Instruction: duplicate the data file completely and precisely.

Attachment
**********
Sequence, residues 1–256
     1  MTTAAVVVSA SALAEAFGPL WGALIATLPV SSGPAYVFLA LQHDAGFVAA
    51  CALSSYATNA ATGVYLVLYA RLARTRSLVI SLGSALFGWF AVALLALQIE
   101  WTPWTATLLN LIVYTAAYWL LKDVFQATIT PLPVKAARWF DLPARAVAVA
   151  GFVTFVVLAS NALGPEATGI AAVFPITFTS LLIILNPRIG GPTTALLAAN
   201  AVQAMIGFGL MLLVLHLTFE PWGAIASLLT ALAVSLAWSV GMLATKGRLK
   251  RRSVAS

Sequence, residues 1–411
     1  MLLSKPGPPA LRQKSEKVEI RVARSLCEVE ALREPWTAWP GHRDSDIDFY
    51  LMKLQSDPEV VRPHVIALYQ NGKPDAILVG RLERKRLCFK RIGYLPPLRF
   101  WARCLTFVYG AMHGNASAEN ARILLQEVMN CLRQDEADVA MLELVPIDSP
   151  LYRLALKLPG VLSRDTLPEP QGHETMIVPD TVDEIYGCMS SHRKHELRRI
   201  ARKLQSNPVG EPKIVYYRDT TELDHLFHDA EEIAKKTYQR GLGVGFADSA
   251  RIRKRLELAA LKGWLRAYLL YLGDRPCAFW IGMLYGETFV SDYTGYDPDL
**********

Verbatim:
Sequence, residues 1–256
     1  MTTAAVVVSA SALAEAFGPL WGALIATLPV SSGPAYVFLA LQHDAGFVAA
    51  CALSSYATNA ATGVYLVLYA RLARTRSLVI SLGSALFGWF AVALLALQIE
   101  WTPWTATLLN LIVYTAAYWL LKDVFQATIT PLPVKAARWF DLPARAVAVA
   151  GFVTFVVLAS NALGPEATGI AAVFPITFTS LLIILNPRIG GPTTALLAAN
   201  AVQAMIGFGL MLLVLHLTFE PWGAIASLLT ALAVSLAWSV GMLATKGRLK
   251  RRSVAS

Sequence, residues 1–411
     1  MLLSKPGPPA LRQKSEKVEI RVARSLCEVE ALREPWTAWP GHRDSDIDFY
    51  LMKLQSDPEV VRPHVIALYQ NGKPDAILVG RLERKRLCFK RIGYLPPLRF
   101  WARCLTFVYG AMHGNASAEN ARILLQEVMN CLRQDEADVA MLELVPIDSP
   151  LYRLALKLPG VLSRDTLPEP QGHETMIVPD TVDEIYGCMS SHRKHELRRI
   201  ARKLQSNPVG EPKIVYYRDT TELDHLFHDA EEIAKKTYQR GLGVGFADSA
   251  RIRKRLELAA LKGWLRAYLL YLGDRPCAFW IGMLYGETFV SDYTGYDPDL